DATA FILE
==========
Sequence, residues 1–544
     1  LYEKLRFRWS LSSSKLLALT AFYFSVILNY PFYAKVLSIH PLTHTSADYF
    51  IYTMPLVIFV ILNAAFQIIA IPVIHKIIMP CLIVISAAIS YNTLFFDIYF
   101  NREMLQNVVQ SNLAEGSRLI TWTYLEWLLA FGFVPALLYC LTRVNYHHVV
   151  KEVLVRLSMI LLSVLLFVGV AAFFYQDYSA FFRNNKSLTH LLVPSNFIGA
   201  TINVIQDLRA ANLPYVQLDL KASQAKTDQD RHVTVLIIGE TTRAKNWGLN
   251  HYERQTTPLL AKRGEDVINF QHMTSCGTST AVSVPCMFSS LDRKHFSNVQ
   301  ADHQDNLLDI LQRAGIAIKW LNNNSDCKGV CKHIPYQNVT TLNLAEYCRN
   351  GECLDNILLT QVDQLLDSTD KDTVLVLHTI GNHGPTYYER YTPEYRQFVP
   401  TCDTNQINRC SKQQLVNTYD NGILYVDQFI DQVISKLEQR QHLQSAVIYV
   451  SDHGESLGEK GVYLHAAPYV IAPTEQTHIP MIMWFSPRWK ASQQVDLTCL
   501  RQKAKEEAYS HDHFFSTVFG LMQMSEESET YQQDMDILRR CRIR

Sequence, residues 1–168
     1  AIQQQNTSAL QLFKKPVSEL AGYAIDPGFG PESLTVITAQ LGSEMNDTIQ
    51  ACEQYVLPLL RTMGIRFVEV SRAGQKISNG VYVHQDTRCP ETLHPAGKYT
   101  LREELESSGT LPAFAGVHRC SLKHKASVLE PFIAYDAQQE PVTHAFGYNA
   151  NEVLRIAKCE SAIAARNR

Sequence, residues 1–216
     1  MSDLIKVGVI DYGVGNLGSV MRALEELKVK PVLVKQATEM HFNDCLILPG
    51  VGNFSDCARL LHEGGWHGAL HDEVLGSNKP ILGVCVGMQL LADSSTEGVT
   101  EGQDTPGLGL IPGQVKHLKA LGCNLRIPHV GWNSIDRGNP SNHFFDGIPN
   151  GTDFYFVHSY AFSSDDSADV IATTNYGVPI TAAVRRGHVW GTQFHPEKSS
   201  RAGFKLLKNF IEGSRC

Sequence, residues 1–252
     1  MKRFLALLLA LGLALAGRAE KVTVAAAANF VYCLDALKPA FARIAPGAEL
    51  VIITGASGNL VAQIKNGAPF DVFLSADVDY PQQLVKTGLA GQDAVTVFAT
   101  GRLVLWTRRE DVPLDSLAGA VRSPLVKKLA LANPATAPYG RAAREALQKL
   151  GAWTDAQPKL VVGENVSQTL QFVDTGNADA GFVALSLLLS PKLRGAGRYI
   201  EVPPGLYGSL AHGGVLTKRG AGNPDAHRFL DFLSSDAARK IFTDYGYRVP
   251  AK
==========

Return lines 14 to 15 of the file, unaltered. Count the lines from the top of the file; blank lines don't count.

     1  AIQQQNTSAL QLFKKPVSEL AGYAIDPGFG PESLTVITAQ LGSEMNDTIQ
    51  ACEQYVLPLL RTMGIRFVEV SRAGQKISNG VYVHQDTRCP ETLHPAGKYT